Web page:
-Business dynamics - What are the factors that might have an impact on this company's business? For example, I evaluated an Oil & Gas producer, so considerations were, prices of oil and gas, royalties, technology needs specific to their area of operations.

Sonali: Super. And tell us what you found?

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Jim: Financially, the company is reasonably solid (emphasis on reasonably) due to any future credit they might need to invest in technology.

Management Effectiveness, the companies' management is good at acquiring assets with a long-term time horizon, however, there appears to be a weakness in making the assets productive for an investor.

Value - right now it is overpriced

Business dynamics - the commodity prices is a big consideration (which way are they going) and technical risk (as pointed out by Tom, the technology to get at their natural gas could be time and cost intensive.

Tom: Jim, I like the work you've done - looking at the financials, valuation and business dynamics. Where you need to do more work is on the stage that Birchcliff is at in its development. It has accumulated substantial land holdings, but has not brought a huge amount of it into production. So the value of the company is less in the short-term profits, and more in the assets it has accumulated.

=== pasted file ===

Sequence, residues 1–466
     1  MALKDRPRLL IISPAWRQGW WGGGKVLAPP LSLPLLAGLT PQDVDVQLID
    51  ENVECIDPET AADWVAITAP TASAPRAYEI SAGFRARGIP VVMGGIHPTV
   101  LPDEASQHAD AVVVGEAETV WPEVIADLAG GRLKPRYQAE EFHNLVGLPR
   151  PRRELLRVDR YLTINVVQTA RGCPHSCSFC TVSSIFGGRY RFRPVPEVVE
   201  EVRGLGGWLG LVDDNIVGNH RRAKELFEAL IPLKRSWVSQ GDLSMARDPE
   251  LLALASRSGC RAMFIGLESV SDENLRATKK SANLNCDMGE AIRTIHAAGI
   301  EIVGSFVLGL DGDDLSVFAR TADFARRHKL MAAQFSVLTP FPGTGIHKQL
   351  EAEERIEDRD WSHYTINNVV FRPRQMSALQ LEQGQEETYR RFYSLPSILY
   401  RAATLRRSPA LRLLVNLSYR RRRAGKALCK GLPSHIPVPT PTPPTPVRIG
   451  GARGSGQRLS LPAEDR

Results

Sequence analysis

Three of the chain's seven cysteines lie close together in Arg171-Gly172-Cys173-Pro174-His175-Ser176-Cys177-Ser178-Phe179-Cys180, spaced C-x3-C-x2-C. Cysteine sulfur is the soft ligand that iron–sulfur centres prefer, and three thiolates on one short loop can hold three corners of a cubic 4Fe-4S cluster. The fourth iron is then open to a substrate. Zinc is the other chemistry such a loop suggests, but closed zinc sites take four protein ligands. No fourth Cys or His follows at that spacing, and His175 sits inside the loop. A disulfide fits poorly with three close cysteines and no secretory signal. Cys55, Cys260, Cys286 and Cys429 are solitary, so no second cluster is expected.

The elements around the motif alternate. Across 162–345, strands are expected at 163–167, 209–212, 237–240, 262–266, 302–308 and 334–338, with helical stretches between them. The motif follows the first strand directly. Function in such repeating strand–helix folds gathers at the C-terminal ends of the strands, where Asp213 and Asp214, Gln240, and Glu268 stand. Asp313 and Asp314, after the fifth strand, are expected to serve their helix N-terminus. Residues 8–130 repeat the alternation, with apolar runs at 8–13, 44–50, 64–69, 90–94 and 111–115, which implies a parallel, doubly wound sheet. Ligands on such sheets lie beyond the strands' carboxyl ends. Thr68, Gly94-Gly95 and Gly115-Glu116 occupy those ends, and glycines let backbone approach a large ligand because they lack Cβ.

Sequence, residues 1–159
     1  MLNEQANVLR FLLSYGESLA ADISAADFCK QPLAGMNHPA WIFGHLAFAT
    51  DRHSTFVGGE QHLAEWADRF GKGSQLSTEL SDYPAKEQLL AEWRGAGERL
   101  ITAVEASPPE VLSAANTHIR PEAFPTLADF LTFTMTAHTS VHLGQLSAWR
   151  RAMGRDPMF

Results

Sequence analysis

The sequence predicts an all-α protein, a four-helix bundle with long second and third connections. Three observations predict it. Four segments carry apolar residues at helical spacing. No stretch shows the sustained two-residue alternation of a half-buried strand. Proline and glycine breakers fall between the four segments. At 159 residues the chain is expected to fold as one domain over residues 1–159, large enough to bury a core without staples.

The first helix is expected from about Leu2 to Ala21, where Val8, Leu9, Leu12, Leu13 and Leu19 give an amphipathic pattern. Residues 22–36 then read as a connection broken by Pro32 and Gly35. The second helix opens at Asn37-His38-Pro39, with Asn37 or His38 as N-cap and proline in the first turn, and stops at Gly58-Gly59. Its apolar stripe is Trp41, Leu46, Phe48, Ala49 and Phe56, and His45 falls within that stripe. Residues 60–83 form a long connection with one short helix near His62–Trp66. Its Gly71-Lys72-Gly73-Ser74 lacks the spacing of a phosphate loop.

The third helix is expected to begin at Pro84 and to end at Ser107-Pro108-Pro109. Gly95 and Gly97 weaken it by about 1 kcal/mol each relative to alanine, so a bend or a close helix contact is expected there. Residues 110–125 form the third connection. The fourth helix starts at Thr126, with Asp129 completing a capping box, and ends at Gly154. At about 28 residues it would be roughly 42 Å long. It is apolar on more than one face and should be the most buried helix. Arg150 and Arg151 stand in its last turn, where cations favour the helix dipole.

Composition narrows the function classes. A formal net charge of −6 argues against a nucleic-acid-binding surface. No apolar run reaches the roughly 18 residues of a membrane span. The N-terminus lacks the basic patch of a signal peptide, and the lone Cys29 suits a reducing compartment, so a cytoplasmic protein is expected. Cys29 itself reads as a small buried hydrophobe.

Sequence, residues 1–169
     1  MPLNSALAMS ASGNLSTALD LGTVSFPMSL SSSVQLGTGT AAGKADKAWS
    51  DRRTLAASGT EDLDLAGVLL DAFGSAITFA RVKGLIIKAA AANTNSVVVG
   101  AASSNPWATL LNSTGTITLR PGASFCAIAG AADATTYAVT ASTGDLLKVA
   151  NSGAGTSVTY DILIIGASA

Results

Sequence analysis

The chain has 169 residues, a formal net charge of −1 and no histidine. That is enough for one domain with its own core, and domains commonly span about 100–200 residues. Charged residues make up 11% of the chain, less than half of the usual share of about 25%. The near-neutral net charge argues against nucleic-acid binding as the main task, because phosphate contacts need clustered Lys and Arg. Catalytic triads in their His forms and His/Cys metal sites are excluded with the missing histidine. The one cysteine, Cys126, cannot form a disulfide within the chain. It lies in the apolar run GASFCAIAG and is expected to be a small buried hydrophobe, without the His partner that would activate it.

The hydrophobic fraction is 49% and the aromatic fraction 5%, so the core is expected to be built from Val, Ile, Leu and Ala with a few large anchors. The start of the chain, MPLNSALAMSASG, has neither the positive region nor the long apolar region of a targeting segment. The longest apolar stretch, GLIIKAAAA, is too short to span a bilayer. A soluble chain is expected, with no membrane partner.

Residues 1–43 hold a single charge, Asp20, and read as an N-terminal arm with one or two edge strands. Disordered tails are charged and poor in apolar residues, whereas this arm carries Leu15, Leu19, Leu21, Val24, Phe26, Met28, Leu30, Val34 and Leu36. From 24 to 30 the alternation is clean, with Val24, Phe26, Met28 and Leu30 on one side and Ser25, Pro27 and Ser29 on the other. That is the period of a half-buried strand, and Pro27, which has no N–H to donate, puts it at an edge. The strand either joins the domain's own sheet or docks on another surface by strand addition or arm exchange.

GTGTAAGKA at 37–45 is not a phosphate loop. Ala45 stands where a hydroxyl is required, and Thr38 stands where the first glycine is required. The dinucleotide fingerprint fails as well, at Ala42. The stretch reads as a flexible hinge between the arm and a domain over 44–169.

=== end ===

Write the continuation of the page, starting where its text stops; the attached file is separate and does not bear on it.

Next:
In this case, we want to put more emphasis the company's financing (i.e. can they afford to develop all the land) and the technical side of their properties. In other words, how much risk it there that there is gas there and it can be brought to the surface economically. Land plays like Birchcliff are tricky to analyse because the numbers don't always look so good compared to their peers.

Jim, I know you didn't mention it, but I know you did some work on commodity prices, specifically natural gas, which accounts for about 2/3 of BIR's revenue, I think. I'm a bottom-up investor, but we always want to understand the context that we're operating in. Buying gas right now is certainly a contrarian move, but that is often where the most money is made.

Something else that is important, particularly with the junior oils, is management. Part of making money in the juniors is 'riding' a good horse - i.e. a proven operator who has made money for shareholders in the past. There are lots of successful investors that do nothing but follow the 'winners' around and invest in their ventures. Obviously the numbers have to work, but with you located in Calgary, you should keep this in mind.